7 Most Common Cannabis Compliance Pitfalls

7 Most Common Cannabis Compliance Pitfalls

Compliance is key for marijuana businesses. The law is continually evolving, and companies must always be adapting, or they might risk losing their license. I have had the opportunity to hear one of the top compliance experts in the business, Joe Hodas, COO of General Cannabis, who is also a sponsor of the States Act. Like Hodas, I believe the first employee you need to hire if you are planning to start a marijuana company is your Compliance Director.

Without a compliance director who is on top of things 24/7, your chances of success are very narrow. But even if you think you found the right person for the job, it is possible to fail, for many reasons, and many startups usually do at some point or other.

Fortunately, consulting firms are always doing their good work, and we now have valuable statistics at hand about how and why businesses inadvertently fail to comply with marijuana regulations.  

In my experience as a California cannabis lawyer, the companies that pay attention to this kind of data and hire legal counsel with a track record of advising successful firms in the cannabis space have a much higher chance of success.  

7 Most Common Cannabis Compliance Pitfalls

  1. Inventory errors

    Your stock and how you account for it is key in the cannabis business. Missing inventory can lead to steep fines. Is your quality assurance sufficient? Have you been a victim of employee theft? Do you have packaging protocols in place to avoid inventory errors? Your COO and Compliance Director can often with the help of dedicated software, ensure that your sales numbers, and inventory match at any given time.

  2. Missing reports

    There are specific deadlines in each jurisdiction to report sales data and other relevant information. You must always do so in the required format and within the specified time frame.  

  3. Tax issues

    Cannabis sales tax is very clear and unambiguous. It is also periodically updated. According to recent statistics, only 25 percent of marijuana companies in the state of California are fully tax compliant. This can be a problem, not only because you may face hefty fines, but also because you may be subjected to even more burdensome audits. To avoid all that, it is necessary to seek expert legal and accounting advice.

  4. Problems with obtaining or keeping a license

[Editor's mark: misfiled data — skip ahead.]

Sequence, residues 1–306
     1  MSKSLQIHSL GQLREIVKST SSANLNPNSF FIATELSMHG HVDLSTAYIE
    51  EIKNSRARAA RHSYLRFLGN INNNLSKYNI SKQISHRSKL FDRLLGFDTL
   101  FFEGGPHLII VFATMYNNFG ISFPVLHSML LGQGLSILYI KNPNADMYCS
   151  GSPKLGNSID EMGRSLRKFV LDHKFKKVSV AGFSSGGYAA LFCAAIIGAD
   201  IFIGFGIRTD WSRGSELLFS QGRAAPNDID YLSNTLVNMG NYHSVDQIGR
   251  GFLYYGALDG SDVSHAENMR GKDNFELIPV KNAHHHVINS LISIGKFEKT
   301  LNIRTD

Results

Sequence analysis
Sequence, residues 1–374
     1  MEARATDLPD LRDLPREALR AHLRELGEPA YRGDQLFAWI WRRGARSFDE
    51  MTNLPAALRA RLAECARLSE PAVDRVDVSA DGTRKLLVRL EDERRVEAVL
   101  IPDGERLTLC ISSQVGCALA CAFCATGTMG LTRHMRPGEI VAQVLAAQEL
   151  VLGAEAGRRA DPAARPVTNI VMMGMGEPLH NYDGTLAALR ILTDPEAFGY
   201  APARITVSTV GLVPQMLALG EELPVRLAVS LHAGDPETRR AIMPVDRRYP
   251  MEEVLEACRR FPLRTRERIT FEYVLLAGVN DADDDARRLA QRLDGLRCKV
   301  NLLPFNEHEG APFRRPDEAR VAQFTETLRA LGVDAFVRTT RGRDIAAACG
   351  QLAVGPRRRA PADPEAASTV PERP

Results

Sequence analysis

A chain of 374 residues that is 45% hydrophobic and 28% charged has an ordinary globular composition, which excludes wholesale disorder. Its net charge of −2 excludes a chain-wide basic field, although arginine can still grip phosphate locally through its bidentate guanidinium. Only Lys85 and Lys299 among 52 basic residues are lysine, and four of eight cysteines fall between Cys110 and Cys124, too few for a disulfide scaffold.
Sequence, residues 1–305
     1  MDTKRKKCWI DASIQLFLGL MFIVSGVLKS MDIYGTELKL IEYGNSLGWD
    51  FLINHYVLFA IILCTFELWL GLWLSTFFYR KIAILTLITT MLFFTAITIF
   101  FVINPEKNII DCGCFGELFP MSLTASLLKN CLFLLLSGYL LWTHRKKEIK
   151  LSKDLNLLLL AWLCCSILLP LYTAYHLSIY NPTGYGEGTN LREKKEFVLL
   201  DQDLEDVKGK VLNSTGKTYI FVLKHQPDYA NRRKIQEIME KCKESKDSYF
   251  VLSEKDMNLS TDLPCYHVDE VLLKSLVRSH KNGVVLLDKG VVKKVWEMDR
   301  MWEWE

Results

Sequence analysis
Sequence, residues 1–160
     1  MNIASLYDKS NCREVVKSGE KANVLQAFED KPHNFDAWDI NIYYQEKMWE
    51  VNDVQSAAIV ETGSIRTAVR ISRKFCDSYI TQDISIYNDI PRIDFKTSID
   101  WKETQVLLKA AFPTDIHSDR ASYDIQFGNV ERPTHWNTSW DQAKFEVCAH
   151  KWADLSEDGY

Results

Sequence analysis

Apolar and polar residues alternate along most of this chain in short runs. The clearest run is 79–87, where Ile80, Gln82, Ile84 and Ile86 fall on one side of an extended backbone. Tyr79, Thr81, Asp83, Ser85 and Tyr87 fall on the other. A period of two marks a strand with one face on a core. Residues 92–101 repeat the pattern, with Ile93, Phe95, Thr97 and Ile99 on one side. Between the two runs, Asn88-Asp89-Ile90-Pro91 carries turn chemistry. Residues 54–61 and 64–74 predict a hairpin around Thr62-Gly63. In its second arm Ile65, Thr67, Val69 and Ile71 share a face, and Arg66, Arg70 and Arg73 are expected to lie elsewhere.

Managing to get a license is one of the initial challenges faced by cannabis companies. But that is not the end of the road. You must keep it up to date, pay all licensing fees by the deadline, and ensure full compliance. Whether you have a license for cultivation, sale, or another connected activity, this is an area you must really focus on to thrive.

  5. Selling illegally

    Even if you have a license, there are many requirements to make a sale legal. Buyers must be adults, you can only sell during specific business hours, and there are limits as to the quantity of product your customers can purchase per day. Some POS systems can streamline sales transactions, so that you can avoid running into trouble with the law.

  6. Violating package/label rules

    From THC warnings to child-resistant bags, packaging and labeling requirements are quite stringent in each legal state. Sometimes you may think you are doing everything right, and you may still be in violation. Packaging can be especially challenging for smaller companies in terms of cost, but there are many great businesses dedicated to taking this type of problems off your hands; these companies can manage everything from printing out your labels to creating compliant packaging.  

  7. Having no compliance director and no cannabis attorney

    If you want to fail fast in this sector, try working without legal counsel and a compliance director. With everything you have to manage, it is impossible for you to stay on top of every rule change and every deadline. A compliance director can help develop a corporate culture of compliance while also designing standardized processes to avoid these pitfalls. Likewise, advice from a seasoned legal professional with cannabis experience can be invaluable to keep your business running safely and profitably.  

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David Kani

David Kani is a Newport Beach, California based business lawyer with a focus on cannabis companies, their investors, employees and cannabis-related litigation.
To connect with David: [hidden email] or 714-907-0697.

To learn more about Hochfelsen & Kani LLP: hockani.com
To learn more about David's book Pot Inc.: suttonhart.com
For media inquiries or speaking engagements: [hidden email]



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